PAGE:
> For manually added dependencies %{_isa} goes a long way, but probably 
> not sufficient in its current form for a full-scale multiarch, multiabi 
> system.

So far this has scaled well in our trials.  Soon to be adding in x32 may test
this further.

BTW "n32" is our default ABI for mips64 in our products.

> Then there's the issue of dependency satisfiability across architectures 
> and abi's. Rpm has some provisions for this (dependency "colors"), but 
> its currently limited to just differentiate between 32bit vs 64bit (and 
> obviously "other") and there's no way to express allowed/prohibited 
> dependency matches across architectures.

Actually there are three bits defined.. 32-bit, 64-bit and n32.

> The same coloring system is used to resolve elf-file conflicts on common 
> paths. This rather crazy system can be entirely avoided by better/more 
> fine-grained packaging: always place libraries and the like into 
> separate (sub)packages to eliminate conflict potential. Based on the 
> debian notes, dpkg apparently has issues with identical files shared 
> across multiple packages, but this is not an issue for rpm: it's 
> "always" been possible for multiple packages to share files, as long as 
> the files are identical.

The conflict resolution works well, but it's much better to break the problem up
so you don't need to use it much.  That is what we've tried to do for the most part.

> 3) Package naming & resolution: when in "multilib" mode (in rpm jargon, 
> "colored transaction"), packages with identical name but different 
> architecture can co-exist relatively peacefully. However the use of 
> "arch" alone is limiting from multiabi perspective, it'd require every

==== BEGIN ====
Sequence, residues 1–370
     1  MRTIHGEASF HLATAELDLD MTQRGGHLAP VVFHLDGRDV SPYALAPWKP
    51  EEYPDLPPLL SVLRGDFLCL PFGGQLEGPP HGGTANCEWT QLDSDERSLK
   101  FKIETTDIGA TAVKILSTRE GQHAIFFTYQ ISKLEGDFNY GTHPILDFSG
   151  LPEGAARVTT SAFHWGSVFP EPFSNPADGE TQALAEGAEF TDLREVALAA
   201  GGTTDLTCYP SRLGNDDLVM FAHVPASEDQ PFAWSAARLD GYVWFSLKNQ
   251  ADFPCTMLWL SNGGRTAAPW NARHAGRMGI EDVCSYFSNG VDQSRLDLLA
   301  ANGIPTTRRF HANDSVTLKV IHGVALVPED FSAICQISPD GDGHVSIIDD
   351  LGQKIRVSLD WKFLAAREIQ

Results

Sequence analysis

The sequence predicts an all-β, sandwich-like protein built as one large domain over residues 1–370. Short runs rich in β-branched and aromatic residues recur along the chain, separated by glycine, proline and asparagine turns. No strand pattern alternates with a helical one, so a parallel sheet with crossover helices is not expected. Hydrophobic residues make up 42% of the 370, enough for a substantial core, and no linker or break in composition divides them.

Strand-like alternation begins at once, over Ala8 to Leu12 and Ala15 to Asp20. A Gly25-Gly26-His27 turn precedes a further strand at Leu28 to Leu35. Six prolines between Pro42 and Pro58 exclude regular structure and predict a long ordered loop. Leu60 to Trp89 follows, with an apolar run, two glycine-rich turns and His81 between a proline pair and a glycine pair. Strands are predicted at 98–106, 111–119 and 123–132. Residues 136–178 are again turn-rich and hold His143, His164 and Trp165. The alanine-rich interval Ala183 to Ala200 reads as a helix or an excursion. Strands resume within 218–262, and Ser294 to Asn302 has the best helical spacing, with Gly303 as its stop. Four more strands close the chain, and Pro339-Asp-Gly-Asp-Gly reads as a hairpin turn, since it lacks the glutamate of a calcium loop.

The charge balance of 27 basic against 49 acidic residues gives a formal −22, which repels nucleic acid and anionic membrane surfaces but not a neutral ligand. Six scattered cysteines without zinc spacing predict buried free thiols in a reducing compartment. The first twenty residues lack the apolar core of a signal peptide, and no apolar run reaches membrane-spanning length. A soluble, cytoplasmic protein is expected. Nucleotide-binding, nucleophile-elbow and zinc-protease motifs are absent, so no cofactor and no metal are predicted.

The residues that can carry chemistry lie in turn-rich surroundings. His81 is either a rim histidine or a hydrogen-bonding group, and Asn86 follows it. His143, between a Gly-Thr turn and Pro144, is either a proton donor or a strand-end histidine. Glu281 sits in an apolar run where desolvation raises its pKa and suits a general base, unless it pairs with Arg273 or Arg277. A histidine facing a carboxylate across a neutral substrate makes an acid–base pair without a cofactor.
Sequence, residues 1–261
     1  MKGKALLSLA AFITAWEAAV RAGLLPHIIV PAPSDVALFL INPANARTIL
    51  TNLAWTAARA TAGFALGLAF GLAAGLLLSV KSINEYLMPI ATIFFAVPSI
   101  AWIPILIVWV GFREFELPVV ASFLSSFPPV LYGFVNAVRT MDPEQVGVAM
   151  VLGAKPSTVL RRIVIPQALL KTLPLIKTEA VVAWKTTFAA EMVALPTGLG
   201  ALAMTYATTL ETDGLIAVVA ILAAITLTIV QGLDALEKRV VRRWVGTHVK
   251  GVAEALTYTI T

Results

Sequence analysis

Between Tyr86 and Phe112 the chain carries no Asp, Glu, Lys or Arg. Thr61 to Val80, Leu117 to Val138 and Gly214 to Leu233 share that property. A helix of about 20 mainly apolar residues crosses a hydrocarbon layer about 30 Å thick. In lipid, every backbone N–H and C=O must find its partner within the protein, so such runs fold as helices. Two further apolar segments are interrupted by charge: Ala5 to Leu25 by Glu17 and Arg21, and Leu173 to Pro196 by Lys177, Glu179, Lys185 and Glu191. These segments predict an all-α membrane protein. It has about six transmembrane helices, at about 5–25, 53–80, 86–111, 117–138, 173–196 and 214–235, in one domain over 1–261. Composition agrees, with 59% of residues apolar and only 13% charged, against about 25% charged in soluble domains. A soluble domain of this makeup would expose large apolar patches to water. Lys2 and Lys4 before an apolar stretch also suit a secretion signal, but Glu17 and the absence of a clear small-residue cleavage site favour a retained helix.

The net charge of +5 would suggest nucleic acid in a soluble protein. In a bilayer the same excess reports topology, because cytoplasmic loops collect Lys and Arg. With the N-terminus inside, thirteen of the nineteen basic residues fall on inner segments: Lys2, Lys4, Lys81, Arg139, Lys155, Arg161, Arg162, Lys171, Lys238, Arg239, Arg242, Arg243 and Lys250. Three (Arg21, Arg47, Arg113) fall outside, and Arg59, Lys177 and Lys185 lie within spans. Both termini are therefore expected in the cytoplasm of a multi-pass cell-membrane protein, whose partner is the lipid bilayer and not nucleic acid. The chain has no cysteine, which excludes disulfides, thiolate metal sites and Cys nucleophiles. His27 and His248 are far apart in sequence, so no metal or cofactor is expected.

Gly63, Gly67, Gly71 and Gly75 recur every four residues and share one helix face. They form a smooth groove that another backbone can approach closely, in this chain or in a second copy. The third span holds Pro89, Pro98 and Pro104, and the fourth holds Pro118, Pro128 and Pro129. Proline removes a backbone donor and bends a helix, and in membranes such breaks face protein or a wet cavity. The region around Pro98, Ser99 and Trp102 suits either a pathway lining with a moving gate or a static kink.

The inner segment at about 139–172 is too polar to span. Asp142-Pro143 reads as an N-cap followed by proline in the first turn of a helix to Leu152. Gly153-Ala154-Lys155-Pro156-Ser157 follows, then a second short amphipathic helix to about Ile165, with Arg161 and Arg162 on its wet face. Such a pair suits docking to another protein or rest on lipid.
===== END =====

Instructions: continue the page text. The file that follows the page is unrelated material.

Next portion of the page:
> single different arch/abi combination to have arch of their own. Other 
> possibility is differentiating in the package name, but its klunky too. 
> I didn't (yet) see what debian is planning wrt this.

I didn't think that was true.  I thought that the coloring system would allow
you to use the same arch.  Maybe this isn't true in the rpm.org world, but it is
in rpm5 and was last time I used the rpm.org version a few years ago.

In the work I do, arch is treated as a hint for resolution, but he color is what
is used for conflict resolution.

> 4...) Probably loads of other things that I've overlooked and/or can't 
> remember right now. But rather than try to write an all-encompassing 
> answer that eventually dies of old age unsent in my drafts folder (bad 
> habit of mine), I'm hitting send with this now to have something to kick 
> around.
>> Thanks for your time. I'm attaching Dennis' original patch. Just so you
>> can see what it does, not so that you can directly consider that as the
>> solution that will be necessarily eventually in upstream if you can
>> figure out a preferred means to generically handle multiABI.

As you mentioned above... multiABI support is a combination of distribution and
package manager solutions.  Right now I see RPM and a properly defined
distribution as the best solution out there.  RPM can handle a policy based
conflict resolution, and the distro prevents conflicts "as much as possible".


More information about the Rpm-maint mailing list